Energy Transfer Partners (ETP) LP said its ET Rover Pipeline would generate roughly $153 million in ad valorem taxes and $98 million in sales tax revenue in the four states it will cross to deliver Marcellus and Utica shale natural gas to multiple markets.

Most of the tax dollars would be generated in Ohio, where the Rover project would cross 18 counties. The company said it expects the pipeline to generate more than $135 million in ad valorem taxes, of which it calculates $91 million would be directed to 36 local school districts. About 570 miles of the 711-mile, 3.25 Bcf/d Rover are expected to be built in Ohio (see Shale Daily, Oct. 31, 2014).

Ad valorem taxes are based on the actual value of the pipeline, factored by the value of its materials and labor costs. The taxes are paid annually while the pipeline is in service to local authorities that are then responsible for distributing them to each jurisdiction, where they’re typically used for libraries, roads, schools or other public entities.

ETP also said it expects to pay about $11 million in Michigan, $3.4 million in West Virginia and $1.3 million in Pennsylvania for ad valorem taxes each year. About $77 million in Ohio, $16.5 million in Michigan, $66 million in Pennsylvania and $4.9 million in West Virginia are expected to be generated in sales tax revenues.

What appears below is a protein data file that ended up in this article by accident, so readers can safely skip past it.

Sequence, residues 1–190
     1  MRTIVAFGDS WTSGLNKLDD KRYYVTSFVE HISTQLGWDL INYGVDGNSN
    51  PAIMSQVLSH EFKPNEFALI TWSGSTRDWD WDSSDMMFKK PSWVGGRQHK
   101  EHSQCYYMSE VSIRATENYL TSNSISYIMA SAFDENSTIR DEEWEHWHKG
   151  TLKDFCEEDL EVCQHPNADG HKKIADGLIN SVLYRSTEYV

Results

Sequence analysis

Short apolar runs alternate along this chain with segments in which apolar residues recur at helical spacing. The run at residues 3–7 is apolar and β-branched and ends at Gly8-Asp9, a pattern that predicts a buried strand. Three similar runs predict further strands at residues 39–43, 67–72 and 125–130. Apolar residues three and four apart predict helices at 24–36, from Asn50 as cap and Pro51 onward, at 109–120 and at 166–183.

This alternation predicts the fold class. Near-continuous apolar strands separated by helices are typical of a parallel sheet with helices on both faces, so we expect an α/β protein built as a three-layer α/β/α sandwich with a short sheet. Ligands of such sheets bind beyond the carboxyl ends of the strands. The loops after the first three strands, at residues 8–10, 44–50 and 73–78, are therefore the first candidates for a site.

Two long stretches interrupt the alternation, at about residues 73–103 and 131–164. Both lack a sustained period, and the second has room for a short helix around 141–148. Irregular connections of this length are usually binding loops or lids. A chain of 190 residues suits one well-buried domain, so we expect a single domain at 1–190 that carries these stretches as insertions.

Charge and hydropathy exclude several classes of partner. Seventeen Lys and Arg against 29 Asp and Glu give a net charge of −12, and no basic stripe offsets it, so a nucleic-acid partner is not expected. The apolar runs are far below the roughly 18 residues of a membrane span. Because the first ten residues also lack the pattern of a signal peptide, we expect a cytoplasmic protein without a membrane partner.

The pipeline would cost more than $4 billion and gather natural gas from processing plants and interconnections in northwest West Virginia, eastern Ohio and western Pennsylvania for delivery to the Dawn Hub in Ontario, where it would be sent back to U.S. and Canadian markets (see Shale Daily, June 26, 2014).

The project is expected to employ up to 6,500 workers throughout its construction. ETP filed its formal application with the Federal Energy Regulatory Commission earlier this year and construction is expected to begin in 2016 (see Daily GPI, Feb. 23). Part of the Rover is expected to be in service late next year, while the rest is expected to come online by mid-2017.